Pros and Cons of Cleanroom Microbe Detection Devices

Traditional methods of detecting and correcting the presence of viable particles in a cleanroom can be lengthy. If present, viable particles can result in weeks of lost manufacturing time. However, non-traditional microbe detection significantly hastens the process of detecting and correcting the presence of viable particles. As with anything, there are downsides to these options, as well. Here is a brief comparison of options.


  • Plates. Several methods use plates that are put in areas of interest (high-risk) around the cleanroom. The plates collect particles in the air for several hours. Then the plates are collected, incubated, and after colonization, identified and counted based on the surface area of the plate. This process takes 3-7 days, during which the microorganisms will only continue to grow.
  • Air samplers. This is a more active means of collection, resulting in a better sample. Filter membranes, agar strips, or contact plates are used to collect particles through impaction. It works in a way that doesn’t disrupt the normal airflow and doesn’t render biological particles non-viable. This, too, takes time to colonize and count particles, however.

Both of these methods are less expensive, but take a significant amount of time.


  • Laser particle counters. There are a variety of these on the market. The lasers cause biological particles to fluoresce as they pass through the beam. Photo-sensitive optics detect the light and count the particles. It is possible to separate the counts into viable and non-viable data. These counters don’t identify the microorganisms like the traditional methods do. Lab analysis is still required; however, these counters offer real-time monitoring. Investigation is simpler and faster, leading to earlier corrective action. In fact, it’s feasible that they can detect viables early enough to prevent an incident. The greatest down side of these counters is cost.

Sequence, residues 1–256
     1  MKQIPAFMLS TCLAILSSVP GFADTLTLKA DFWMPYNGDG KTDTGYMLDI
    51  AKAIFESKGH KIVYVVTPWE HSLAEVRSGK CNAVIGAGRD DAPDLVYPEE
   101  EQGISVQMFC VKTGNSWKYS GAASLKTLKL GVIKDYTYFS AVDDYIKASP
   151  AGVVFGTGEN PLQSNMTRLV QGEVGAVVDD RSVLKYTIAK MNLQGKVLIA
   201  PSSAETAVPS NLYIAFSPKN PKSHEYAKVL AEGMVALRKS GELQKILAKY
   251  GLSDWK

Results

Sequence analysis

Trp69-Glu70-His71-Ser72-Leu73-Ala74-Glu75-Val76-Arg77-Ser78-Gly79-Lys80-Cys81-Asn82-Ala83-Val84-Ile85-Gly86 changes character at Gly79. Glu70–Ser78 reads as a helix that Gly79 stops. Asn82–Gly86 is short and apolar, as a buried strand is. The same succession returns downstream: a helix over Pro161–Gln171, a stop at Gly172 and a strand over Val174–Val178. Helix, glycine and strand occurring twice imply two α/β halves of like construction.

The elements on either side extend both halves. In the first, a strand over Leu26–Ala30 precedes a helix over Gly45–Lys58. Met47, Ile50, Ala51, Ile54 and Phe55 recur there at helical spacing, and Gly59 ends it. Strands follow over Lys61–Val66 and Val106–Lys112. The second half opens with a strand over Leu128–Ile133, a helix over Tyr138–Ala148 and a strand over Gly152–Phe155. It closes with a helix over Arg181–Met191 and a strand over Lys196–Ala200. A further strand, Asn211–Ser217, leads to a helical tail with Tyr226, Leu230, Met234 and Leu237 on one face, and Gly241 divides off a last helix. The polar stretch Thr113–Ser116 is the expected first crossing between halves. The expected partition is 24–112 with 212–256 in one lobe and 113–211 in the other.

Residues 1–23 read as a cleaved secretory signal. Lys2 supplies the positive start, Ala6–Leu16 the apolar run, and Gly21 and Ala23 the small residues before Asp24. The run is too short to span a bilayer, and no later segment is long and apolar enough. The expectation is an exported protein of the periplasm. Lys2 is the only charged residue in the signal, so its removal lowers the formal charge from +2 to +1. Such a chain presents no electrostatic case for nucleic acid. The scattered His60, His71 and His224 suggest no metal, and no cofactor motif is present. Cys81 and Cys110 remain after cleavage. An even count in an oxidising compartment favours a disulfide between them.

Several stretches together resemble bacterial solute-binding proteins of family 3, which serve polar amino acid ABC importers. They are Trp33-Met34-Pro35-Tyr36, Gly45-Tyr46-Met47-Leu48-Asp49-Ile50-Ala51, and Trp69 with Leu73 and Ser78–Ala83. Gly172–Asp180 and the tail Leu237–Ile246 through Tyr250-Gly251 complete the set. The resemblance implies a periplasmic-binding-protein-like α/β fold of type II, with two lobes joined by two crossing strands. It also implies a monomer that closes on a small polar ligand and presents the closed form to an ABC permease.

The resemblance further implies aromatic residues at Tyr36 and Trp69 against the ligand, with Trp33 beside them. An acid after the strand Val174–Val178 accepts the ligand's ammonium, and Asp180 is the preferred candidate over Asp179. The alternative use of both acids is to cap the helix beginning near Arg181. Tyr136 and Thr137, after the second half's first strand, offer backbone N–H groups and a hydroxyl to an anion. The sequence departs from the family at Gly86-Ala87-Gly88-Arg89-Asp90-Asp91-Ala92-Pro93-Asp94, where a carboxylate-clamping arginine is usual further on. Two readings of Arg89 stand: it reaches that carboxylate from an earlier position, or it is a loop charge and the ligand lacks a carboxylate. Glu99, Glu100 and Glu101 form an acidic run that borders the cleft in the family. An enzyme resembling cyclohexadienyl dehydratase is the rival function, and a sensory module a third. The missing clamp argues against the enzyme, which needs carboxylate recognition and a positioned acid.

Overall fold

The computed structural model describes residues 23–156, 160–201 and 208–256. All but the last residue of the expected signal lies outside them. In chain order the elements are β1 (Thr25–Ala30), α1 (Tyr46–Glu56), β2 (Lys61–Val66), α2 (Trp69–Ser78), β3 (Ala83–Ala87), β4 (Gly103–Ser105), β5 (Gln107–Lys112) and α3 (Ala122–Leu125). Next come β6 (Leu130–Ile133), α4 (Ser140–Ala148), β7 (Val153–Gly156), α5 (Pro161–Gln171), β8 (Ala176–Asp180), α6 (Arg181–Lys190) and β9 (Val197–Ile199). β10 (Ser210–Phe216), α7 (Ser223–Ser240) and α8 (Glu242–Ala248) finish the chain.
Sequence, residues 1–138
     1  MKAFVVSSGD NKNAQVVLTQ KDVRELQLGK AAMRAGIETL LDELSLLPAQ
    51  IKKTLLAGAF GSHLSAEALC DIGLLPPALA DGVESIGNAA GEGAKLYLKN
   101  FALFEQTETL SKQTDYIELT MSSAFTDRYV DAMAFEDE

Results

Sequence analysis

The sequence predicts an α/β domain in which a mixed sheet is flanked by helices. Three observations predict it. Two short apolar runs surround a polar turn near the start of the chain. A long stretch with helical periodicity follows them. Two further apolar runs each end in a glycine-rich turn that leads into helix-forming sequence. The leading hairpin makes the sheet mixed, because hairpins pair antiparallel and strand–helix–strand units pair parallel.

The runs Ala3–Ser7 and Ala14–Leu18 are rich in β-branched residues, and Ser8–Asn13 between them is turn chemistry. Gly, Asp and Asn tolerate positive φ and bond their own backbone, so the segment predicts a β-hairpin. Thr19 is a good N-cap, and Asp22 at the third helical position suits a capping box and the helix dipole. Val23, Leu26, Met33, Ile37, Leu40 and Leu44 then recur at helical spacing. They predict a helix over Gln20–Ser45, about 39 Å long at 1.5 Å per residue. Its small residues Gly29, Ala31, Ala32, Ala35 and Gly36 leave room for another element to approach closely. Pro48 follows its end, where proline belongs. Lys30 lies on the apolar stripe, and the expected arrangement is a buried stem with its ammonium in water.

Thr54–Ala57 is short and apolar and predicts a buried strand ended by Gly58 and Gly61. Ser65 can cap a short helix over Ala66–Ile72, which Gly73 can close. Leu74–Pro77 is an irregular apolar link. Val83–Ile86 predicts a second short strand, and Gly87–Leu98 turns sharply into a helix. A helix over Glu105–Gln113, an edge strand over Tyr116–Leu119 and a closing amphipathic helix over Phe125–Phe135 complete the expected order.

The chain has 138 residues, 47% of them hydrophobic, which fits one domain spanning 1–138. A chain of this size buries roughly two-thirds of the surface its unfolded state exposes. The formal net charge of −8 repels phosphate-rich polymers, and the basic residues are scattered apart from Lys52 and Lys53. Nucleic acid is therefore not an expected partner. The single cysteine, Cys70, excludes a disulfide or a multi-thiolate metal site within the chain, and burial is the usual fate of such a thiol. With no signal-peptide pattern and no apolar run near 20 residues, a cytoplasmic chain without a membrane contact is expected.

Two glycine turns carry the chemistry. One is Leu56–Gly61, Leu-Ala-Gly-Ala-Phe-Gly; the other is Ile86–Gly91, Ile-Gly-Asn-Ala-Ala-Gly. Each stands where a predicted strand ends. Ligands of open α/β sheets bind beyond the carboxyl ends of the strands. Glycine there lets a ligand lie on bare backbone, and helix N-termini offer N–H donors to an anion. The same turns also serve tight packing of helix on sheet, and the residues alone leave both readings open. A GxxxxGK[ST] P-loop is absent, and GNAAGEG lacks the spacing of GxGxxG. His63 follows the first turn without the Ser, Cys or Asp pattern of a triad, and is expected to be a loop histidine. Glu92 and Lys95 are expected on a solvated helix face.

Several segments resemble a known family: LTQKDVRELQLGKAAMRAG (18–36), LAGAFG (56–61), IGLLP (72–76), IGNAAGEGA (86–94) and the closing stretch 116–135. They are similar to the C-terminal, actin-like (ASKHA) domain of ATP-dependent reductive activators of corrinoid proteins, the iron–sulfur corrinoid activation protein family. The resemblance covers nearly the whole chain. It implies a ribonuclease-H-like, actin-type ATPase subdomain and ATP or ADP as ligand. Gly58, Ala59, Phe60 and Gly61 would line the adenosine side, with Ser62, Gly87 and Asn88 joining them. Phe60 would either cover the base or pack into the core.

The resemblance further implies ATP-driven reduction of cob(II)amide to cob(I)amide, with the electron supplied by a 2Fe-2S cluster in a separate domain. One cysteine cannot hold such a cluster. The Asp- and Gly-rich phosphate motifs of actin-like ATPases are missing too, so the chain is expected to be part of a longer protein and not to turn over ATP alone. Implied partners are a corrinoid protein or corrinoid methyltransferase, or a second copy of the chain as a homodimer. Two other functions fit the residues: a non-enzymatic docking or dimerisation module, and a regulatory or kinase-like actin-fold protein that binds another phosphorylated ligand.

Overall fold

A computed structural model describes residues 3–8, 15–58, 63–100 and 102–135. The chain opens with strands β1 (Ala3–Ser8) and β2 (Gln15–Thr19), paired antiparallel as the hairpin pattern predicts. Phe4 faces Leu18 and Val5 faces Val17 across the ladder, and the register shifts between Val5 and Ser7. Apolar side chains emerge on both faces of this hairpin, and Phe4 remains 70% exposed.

• Portable microbe sensors. These, too, uses photo-sensitive optics to measure the volume of fluorescing particles. They heat up captured particles to get them to glow, so it isn’t completely in real-time, but it is close. This method does not identify viables, and there is no particle count. They are less expensive than laser particle counters, and really are best used as an early warning detection system.

When comparing methods of microbe detection, consider how long it would take to detect a breach, investigate the source, and then verify the effectiveness of remediation. If the time factor with a traditional system devastates your operation, it may be worth investing in a more sophisticated, real-time particle counter. If you have questions about cleanroom validation, certification, or manufacturing, contact Gerbig Engineering Company. We are experts with nearly 30 years of experience.  Call us at 888-628-0056 or email

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